FNP at a college or FNP at a business wellness clinic.  Those would be my guesses.   Honestly, though anytime you are prescribing medications and making decisions there is going to be some stress both related to responsibility and inept administration  I don't know of many NP roles where you would be expected to lifting patient's or worried much about  getting attacked.  This is a very different role than a nursing role.  

djmatte, ADN, MSN, RN, NP

Has 7 years experience.

On 8/26/2020 at 5:26 PM, Future MSN said:

I am applying to a nurse practitioner program and would like some advice on what specialties are like. I was a medical school student that left medical school because I realized that the demands of a doctor and quality of life was not something I wanted to pursue further so I left in my first semester of medical school. However, I love patients and I love caring for people so I would like to work as a nurse practitioner. I want to work in a manner that is humane, that will let me care for myself while caring for patients. I already have hip issues so I don't want to develop back problems on top of that. Does anyone recommend a book or any other sources that can help me learn more about what different specialties are like? If you have some wisdom from work, I would appreciate it. I am looking for a specialty that will give the opportunity to work 40 hours a week, work day shifts, where the patients will not become violent towards me or where I have to lift patients all day. I know there are stressful situations in most jobs but I am looking for a nurse practitioner specialty that will have a good work environment. Any wisdom other nurse practitioners can share would help. Thank you in advance.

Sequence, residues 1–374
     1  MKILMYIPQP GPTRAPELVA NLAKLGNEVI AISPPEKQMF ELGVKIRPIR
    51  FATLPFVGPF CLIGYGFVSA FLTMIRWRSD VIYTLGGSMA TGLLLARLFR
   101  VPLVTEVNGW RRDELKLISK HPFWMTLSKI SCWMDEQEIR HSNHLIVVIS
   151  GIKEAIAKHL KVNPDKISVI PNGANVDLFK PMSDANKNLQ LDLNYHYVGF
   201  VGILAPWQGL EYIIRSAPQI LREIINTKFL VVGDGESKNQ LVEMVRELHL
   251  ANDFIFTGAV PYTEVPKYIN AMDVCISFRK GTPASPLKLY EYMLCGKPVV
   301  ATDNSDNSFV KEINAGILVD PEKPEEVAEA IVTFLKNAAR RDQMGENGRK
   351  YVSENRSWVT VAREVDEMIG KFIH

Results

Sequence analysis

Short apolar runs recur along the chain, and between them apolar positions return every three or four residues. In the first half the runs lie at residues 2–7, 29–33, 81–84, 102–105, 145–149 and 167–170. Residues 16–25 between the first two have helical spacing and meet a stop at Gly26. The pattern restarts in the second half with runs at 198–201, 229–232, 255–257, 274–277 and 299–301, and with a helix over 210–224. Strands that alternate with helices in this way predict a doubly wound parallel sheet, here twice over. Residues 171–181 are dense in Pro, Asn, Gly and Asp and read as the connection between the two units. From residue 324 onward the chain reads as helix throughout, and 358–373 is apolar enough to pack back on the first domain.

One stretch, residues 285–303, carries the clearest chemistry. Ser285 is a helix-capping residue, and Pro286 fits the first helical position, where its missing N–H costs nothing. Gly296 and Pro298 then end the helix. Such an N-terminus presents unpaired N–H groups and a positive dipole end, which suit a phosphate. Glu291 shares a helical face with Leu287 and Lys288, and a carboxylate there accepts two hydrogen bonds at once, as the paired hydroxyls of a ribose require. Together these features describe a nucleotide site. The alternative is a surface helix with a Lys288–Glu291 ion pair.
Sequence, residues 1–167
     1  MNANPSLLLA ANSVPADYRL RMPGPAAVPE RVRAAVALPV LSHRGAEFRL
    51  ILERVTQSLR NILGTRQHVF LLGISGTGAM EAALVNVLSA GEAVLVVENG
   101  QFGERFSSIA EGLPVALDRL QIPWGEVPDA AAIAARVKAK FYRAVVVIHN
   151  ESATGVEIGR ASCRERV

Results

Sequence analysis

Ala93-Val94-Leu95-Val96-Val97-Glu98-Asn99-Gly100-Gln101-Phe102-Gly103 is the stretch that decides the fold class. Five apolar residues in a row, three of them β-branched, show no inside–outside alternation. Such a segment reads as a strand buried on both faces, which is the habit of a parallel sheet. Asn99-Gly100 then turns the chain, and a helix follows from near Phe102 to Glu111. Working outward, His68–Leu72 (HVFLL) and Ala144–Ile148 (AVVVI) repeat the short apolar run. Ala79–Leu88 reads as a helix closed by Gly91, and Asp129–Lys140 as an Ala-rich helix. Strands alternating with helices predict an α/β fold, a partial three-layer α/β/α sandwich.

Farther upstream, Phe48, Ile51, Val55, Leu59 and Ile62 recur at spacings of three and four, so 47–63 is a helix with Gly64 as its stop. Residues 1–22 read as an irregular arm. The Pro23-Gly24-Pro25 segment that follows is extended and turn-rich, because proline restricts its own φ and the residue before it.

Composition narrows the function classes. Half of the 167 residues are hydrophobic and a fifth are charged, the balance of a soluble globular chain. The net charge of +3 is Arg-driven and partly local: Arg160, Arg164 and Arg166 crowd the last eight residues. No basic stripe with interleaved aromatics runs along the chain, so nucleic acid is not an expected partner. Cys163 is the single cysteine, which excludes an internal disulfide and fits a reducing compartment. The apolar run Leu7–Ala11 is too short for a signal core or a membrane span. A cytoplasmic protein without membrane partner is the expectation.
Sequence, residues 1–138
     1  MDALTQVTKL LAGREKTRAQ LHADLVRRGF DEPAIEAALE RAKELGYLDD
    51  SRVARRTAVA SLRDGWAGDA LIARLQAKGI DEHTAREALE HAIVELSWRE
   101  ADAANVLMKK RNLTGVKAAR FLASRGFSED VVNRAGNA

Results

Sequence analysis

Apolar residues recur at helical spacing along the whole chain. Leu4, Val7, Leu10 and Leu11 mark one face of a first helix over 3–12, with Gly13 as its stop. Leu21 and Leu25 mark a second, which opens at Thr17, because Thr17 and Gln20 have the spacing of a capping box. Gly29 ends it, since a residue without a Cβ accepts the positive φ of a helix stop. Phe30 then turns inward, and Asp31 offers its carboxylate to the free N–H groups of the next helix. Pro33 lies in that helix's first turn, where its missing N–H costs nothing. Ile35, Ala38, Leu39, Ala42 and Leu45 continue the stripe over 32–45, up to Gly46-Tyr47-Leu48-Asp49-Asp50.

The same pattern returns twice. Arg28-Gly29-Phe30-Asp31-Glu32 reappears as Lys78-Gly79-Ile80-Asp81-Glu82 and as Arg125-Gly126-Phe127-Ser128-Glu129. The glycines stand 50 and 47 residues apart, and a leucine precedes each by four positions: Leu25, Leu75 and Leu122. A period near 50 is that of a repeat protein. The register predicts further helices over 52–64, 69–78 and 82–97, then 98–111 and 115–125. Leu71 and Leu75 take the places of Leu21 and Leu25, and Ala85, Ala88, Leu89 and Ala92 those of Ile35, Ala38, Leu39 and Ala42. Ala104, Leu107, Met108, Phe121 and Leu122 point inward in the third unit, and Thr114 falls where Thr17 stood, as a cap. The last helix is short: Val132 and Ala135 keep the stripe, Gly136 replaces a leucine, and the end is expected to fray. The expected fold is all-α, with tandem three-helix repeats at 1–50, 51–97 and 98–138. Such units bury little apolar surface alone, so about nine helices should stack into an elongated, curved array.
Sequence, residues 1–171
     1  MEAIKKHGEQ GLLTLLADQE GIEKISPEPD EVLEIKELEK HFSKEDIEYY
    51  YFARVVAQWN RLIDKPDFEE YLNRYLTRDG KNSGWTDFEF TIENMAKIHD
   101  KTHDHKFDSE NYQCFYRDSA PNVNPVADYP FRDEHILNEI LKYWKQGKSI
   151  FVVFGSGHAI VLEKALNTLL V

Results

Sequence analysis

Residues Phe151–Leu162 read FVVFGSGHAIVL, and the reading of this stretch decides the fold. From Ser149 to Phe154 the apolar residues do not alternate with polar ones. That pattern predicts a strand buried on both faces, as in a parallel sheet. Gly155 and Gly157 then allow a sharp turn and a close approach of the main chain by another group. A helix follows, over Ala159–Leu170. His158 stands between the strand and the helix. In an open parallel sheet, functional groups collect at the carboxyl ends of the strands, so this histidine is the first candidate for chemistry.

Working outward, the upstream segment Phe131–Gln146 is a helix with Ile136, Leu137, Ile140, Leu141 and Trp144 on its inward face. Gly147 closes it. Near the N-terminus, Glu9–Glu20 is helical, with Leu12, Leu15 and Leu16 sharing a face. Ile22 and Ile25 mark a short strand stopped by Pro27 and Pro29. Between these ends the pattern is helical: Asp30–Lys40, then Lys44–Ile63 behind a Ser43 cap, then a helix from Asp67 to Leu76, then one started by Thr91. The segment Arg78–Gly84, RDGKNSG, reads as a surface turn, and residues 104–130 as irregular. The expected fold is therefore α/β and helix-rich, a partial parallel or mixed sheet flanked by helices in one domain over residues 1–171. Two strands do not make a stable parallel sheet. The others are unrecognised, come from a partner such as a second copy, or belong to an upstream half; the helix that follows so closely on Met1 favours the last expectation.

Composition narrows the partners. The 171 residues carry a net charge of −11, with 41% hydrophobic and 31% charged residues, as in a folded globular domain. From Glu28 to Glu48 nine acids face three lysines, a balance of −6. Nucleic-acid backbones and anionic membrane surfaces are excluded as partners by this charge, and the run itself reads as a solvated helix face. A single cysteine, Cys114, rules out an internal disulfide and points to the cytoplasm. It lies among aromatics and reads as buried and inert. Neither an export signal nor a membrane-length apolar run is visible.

Best regards,

Mindy

You just named the reasons you probably shouldn’t. “Don’t want a doctors schedule” for one. That reads to me you want the autonomy and respect without the ownership. As noted there is an extensive thread on this topic still being discussed ( moderators would be wise to merge them). Imo the only “easy” FNP jobs get old and (as evidenced here) NPs often find themselves stuck and unable to branch out.  If you want easier, find a job as a Periop nurse. The pacu side is more stressful and often working afternoons, but if you get into preop, the most stress is how efficient you are at getting a patient ready for surgery.  The NP role is s quickly becoming production based. If you aren’t meeting goals or volume while still documenting well enough to protect your back side, you’ll be out looking for a new job. 

Edited by djmatte

verene, MSN

Specializes in mental health / psychiatic nursing.

I don't know if there are any "no stress" "low stress" jobs in the NP realm. I'm a PMHNP and while I love my job, it will never be with out some level of stress because that is part-and parcel for being an attending on an inpatient  unit.  I find working inpatient less stressful than outpatient, because I have coworkers and resources readily available, but it does mean I often work with some of the most vulnerable, most dangerous, and most ill  psychiatric patients in my region.   I happen to thrive on this stress most of the time, but the load can be incredibility high and I am always having to balance many different factors in providing care.